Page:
Crazy Age by Jane Miller

Crazy Age: Thoughts on Being Old‘Ever since I have inhabited old age, I have looked and listened, mostly in vain, for news of what it is like for others who inhabit it too. Naturally, I’m interested in its well-known depredations, the physical and mental ones that people in their forties and fifties so publicly dread. And who would not delight in the theatrical props of old age – the pills and sticks, the shrieking hearing aids and the tricks for countering the loss of names and threads and glasses. But that’s not all. I have a fond hope that in old age there may be new kinds of time and of pleasure, perhaps even new kinds of vitality, and that, though we forget and muddle and fail to hear things, there may be moments when we truly understand what’s going on for the first time. But then I’ve always been a late developer.’

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2 Comments

  1. hilaryfbbc

     /  May 31, 2012

    There was a small review piece by Joan Bakewell in last weekend’s Guardian (May 26th) which was pretty much a resume of this feature:
    http://www.guardian.co.uk/books/2010/sep/18/crazy-age-jane-miller-review
    Near the start she says “Jane Miller’s 11 essays unfold into an acceptance of a world which its author finds full of comfort and pleasure, friendships and books.”
    It ends “It is a warm-hearted book, full of the good things age can bring.”
    I think Joan Bakewell read a different book!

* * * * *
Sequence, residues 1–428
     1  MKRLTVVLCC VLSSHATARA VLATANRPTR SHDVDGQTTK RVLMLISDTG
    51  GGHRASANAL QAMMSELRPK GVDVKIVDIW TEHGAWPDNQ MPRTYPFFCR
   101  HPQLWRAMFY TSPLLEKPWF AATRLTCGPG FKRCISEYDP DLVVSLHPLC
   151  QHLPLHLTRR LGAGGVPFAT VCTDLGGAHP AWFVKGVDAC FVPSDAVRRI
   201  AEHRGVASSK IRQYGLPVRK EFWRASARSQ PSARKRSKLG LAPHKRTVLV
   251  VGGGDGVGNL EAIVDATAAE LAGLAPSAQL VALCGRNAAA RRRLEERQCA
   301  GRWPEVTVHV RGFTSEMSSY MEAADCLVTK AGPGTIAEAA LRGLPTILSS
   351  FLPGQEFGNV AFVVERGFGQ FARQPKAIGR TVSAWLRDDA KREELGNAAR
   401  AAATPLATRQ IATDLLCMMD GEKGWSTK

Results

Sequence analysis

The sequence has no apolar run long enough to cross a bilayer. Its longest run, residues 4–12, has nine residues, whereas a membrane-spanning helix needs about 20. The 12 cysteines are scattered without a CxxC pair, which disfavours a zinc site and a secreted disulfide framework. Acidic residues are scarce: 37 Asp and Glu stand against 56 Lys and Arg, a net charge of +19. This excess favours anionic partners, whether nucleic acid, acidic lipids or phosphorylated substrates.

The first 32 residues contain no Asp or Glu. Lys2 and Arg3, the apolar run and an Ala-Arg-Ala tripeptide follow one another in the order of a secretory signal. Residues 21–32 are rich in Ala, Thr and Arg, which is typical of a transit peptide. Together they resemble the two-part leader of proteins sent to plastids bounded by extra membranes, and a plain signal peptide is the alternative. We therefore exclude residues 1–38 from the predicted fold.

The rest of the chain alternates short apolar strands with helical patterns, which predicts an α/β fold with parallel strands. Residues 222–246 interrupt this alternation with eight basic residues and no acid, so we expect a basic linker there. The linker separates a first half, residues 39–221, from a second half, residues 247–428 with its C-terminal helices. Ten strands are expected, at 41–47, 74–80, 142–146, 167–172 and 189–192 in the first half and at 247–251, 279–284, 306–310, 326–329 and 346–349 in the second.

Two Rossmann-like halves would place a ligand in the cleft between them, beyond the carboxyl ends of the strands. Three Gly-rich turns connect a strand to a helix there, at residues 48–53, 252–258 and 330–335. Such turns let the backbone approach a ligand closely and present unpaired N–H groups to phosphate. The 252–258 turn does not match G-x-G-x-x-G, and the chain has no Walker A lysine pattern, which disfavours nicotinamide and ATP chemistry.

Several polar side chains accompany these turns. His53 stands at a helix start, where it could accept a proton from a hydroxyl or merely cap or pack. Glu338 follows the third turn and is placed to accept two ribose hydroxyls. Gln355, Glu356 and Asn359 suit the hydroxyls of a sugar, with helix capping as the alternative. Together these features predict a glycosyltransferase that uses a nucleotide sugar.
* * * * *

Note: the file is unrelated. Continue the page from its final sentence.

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  2. michelebbc

     /  May 8, 2012

    Because my memory is not brilliant, I will mention the bits that I can remember that we honed in on: it felt like an autobiography rather than a book about ageing; most of us agreed with (I think) Alan’s original comments about the way Jane Miller comes over as being a bit smug and complacent and not apparently understanding the ageing experience that many folk do have, in relative poverty and isolation; the chapters didn’t stick to the title e.g. Clutter starts off very interesting about physical and mental clutter but then rambles off into literary references that don’t always seem relevant – then at the end of the chapter comes back to de-cluttering with a funny story; we all liked the chapter Dear Mary and thought the descriptions of Alzheimer’s were sympathetic and also noted the story about a homeless man in the Dying chapter as well written. But on the whole we struggled to find much of great relevance – perhaps the author is in a cushy ivory tower of some sort, I certainly didn’t connect much with her. We deplored the culture of youth that we have in the West but didn’t explore alternatives. We also I think mostly concurred with a view that it would have been good to have heard a bit more about how ageing affects relationships in families, the emotional side of it, which was conspicuous by its absence. No male view either – is there an equivalent book written by a grumpy old man perhaps?
    I think Jenny Joseph actually said it all more interestingly in that well known poem ’when I am old’ – I do wear a lot of purple and have a red hat too so I am in training for my own crazy age……..
    So yes we were mostly disappointed, I think it fair to say.
    But I may have misrepresented other people’s views – John seemed to have enjoyed it the most out of the group.
    Hilary

    Reply

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